The PA Limited Winery Act of 1968 was a landmark piece of legislation that helped to revitalize the Pennsylvania wine industry.
Prior to its passage, Pennsylvania wineries could only legally produce up to 5,000 gallons of wine per year, and could not sell their wine directly to the public. The Limited Winery Act raised these limits to 50,000 gallons per year and allowed wineries to sell their wine directly to consumers, hotels, restaurants, and clubs.
A number of factors led to the passage of the Limited Winery Act. Since prohibition, the state wine industry had never truly recovered. Most wineries had closed, and those that remained were struggling to compete with larger wineries in other states. In addition, the Pennsylvania Liquor Control Board (PLCB) had a monopoly on the sale of alcoholic beverages in the state, which made it difficult for wineries to find markets for their products.
The Limited Winery Act was designed to address these challenges. By raising the production limits and allowing wineries to sell their wine directly to consumers, the act made it more feasible for wineries to operate in Pennsylvania. In addition, the act helped to create a new market for Pennsylvania wines, as consumers began to discover the quality of wines produced in the state.
Sponsored by State Representative Ed DiSalle — who was a strong advocate for the Pennsylvania wine industry — the act was passed by the Pennsylvania General Assembly on July 31, 1968 and took effect on January 1, 1969.
The Limited Winery Act has had a lasting impact on the Pennsylvania wine industry. In the years since the act was passed, the number of wineries in Pennsylvania has increased from just a few dozen to over 200. The industry has also grown in terms of production, with Pennsylvania now producing over 2 million gallons of wine per year.
The Limited Winery Act is still in effect today, and it continues to play an important role in the Pennsylvania wine industry. The act has helped to make Pennsylvania a leading producer of wine in the United States, and it has also created a new source of economic activity for the state.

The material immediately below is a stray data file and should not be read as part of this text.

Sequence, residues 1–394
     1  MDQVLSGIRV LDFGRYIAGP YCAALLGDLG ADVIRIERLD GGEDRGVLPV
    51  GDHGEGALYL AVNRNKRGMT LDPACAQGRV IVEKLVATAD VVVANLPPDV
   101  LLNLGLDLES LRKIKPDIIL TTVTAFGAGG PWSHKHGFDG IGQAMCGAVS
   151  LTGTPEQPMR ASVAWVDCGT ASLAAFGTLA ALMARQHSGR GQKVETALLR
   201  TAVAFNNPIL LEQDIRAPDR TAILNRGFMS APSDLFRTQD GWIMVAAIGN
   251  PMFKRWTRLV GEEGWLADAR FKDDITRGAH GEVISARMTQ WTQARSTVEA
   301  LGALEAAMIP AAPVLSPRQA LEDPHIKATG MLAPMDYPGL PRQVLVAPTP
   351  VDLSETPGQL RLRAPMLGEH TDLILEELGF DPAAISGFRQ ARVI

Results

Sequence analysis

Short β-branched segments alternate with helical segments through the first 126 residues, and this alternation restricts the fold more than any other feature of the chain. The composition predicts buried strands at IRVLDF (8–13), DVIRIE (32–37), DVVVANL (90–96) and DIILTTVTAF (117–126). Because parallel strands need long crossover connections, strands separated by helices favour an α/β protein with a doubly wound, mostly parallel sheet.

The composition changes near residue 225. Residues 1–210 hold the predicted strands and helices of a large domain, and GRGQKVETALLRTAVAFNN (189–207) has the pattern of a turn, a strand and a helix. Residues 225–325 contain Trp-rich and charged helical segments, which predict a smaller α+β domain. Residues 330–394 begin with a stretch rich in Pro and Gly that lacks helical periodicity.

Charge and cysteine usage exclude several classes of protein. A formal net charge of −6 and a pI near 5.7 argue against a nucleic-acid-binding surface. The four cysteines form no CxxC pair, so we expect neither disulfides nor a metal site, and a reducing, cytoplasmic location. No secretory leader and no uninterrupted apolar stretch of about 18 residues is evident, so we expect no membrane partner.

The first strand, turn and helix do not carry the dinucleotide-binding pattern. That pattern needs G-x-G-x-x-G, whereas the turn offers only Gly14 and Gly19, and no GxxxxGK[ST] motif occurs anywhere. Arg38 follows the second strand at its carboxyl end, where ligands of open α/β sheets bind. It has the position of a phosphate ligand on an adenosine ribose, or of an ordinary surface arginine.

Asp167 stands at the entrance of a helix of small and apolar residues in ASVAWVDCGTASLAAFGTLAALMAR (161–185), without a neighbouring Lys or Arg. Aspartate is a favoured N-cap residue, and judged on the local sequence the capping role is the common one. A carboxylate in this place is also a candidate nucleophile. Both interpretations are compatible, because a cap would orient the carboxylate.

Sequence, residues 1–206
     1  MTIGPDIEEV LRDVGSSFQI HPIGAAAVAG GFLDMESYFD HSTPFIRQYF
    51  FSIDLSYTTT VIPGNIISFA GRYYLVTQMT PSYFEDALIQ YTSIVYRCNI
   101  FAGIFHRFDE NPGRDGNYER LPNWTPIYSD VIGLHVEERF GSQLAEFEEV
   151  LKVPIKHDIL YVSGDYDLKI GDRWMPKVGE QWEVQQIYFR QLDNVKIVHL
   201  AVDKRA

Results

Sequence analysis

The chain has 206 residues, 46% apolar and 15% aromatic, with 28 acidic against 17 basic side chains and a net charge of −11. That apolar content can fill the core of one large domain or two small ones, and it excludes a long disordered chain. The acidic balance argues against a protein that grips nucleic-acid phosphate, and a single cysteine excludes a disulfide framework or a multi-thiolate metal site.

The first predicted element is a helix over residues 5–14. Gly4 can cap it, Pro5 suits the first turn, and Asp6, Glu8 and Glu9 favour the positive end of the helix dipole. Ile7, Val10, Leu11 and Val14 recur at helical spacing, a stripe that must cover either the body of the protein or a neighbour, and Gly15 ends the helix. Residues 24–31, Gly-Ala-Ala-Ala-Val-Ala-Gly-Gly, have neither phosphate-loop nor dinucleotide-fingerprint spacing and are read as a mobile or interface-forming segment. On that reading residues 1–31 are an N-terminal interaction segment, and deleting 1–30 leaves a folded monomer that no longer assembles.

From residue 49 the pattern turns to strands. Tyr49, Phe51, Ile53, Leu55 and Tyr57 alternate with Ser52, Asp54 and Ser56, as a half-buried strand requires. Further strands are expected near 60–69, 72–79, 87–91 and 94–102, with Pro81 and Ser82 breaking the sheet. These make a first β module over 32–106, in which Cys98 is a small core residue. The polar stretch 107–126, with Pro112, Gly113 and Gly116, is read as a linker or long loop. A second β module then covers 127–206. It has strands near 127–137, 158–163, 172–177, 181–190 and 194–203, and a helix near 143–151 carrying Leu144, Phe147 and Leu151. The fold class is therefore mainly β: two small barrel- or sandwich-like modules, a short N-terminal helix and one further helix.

Here is a summary of recent amendments to the law:
- 2004 amendment: this allowed limited wineries to sell their wine to other wineries, which helped to create a more vibrant and interconnected wine industry in Pennsylvania.
- 2011 amendment: this increased the production limit for limited wineries from 50,000 gallons to 150,000 gallons per year, allowed limited wineries to ship their wine directly to consumers, allowed limited wineries to sell their wine to restaurants and bars that have a liquor license, and allowed limited wineries to open tasting rooms that are open to the public.
- 2013 amendment: This allowed limited wineries to sell their wine to hotels and restaurants that have a liquor license, but do not have a full-service bar, which helped to expand the market for Pennsylvania wines, and boosted tourism in the state.
- 2022 amendment: This allowed limited wineries to ship their wine to consumers in all 50 states. This was designed to help limited wineries reach a wider audience, and it has been credited with helping to increase sales for Pennsylvania wineries.
In sum, the Limited Winery Act is a significant piece of legislation that has had a major impact on the Pennsylvania wine industry. The act has helped to revitalize the industry, create new jobs, and boost the state’s economy.